Kicking Horse River
The Kicking Horse River is one of the wildest, most intense recreational waterways in Canada and is popular with kayakers for its Class II to IV rapids.
The Kicking Horse River descends swiftly from the ice fields of the Canadian Rockies, slows briefly into a broad, U-shaped valley, then plunges wildly to its Columbia River confluence. Rising from the ice-cold glacial waters of Wapta Lake, and joined by the tributaries of the Yoho, Emerald, Amiskwi and Ottertail Rivers, the Kicking Horse falls steeply in its upper reaches before widening onto a flattened valley floor. Suddenly, it drops again, rushing recklessly through the narrow, turbulent channels of the infamous Kicking Horse Canyon. The Kicking Horse is a river of contrasts: wild and free, it flows untamed and unobstructed through some of Canada's most spectacular mountain terrain. The waters of the Kicking Horse flow through the protected lands of Yoho National Park, part of the vast and beautiful Canadian Rocky Mountain Parks World Heritage Site. As an ecological, recreational, and historical jewel of the Canadian West, the Kicking Horse enjoys the distinction of being the first British Columbian river to be recognized as a Canadian Heritage River.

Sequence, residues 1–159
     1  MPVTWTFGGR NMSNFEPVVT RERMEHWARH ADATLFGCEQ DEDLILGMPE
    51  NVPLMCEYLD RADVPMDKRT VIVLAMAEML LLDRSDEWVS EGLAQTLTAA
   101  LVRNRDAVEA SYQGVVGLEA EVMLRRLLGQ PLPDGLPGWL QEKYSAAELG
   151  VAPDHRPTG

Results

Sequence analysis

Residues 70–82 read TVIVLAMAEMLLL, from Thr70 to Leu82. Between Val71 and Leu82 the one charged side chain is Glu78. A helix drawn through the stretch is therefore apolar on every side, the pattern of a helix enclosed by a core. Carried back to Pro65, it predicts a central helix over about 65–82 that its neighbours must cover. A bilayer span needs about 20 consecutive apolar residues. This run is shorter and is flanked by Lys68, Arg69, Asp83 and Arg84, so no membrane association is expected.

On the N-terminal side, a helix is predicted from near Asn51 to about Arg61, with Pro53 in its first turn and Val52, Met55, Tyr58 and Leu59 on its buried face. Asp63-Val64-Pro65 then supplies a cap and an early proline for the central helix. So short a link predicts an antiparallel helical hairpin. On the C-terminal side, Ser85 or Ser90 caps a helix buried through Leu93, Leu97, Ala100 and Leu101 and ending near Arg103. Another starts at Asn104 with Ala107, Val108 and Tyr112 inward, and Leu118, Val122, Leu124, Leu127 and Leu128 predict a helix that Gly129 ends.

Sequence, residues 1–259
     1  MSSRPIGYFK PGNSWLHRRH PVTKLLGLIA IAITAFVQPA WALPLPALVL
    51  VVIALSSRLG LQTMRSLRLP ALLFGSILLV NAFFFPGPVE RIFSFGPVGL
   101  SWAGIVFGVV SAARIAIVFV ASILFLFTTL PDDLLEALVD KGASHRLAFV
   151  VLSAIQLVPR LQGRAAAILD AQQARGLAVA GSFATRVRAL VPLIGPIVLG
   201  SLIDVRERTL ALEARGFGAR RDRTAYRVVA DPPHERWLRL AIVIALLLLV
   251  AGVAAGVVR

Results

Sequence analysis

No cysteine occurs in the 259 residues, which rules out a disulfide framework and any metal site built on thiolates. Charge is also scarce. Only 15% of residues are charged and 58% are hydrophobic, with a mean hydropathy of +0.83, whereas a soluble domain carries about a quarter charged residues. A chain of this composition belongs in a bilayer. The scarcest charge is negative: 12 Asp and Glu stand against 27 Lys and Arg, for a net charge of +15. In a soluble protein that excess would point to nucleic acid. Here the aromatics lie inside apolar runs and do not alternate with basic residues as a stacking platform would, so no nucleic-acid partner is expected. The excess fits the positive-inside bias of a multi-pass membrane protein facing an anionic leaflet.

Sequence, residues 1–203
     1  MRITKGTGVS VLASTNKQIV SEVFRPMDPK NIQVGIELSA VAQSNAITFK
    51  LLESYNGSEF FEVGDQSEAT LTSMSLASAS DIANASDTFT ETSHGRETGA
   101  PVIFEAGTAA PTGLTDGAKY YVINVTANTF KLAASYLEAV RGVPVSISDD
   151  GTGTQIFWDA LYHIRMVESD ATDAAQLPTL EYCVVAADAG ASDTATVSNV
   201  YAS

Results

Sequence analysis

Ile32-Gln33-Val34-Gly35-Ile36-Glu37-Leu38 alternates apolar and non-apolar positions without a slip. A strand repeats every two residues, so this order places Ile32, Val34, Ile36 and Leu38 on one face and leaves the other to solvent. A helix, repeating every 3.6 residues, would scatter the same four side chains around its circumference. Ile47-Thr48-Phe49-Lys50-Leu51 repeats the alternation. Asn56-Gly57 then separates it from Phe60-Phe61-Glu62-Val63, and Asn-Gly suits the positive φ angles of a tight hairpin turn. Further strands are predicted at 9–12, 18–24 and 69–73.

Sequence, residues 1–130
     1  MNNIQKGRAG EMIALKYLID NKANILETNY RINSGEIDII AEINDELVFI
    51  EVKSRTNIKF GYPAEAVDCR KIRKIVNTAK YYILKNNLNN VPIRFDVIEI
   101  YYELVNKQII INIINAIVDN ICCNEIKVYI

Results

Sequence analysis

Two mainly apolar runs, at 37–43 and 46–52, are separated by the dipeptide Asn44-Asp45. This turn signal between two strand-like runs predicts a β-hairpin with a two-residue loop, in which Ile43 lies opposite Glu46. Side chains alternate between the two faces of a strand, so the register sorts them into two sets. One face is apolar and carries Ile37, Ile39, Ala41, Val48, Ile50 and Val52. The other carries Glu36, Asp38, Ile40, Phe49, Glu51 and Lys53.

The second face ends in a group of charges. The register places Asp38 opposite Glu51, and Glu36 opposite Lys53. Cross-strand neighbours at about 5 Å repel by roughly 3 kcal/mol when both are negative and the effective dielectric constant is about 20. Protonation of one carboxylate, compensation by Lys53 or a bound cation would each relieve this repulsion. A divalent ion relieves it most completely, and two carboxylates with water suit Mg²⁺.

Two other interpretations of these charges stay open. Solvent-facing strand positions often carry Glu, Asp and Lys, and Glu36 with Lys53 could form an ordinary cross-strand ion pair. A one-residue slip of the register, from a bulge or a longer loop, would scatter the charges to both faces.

The water level for the Kicking Horse River is measured on the gauge located below the north end of the Hwy. 95 bridge in town. Hydrometric data for the Kicking Horse River is provided by the Ministry of Environment and Natural Resources.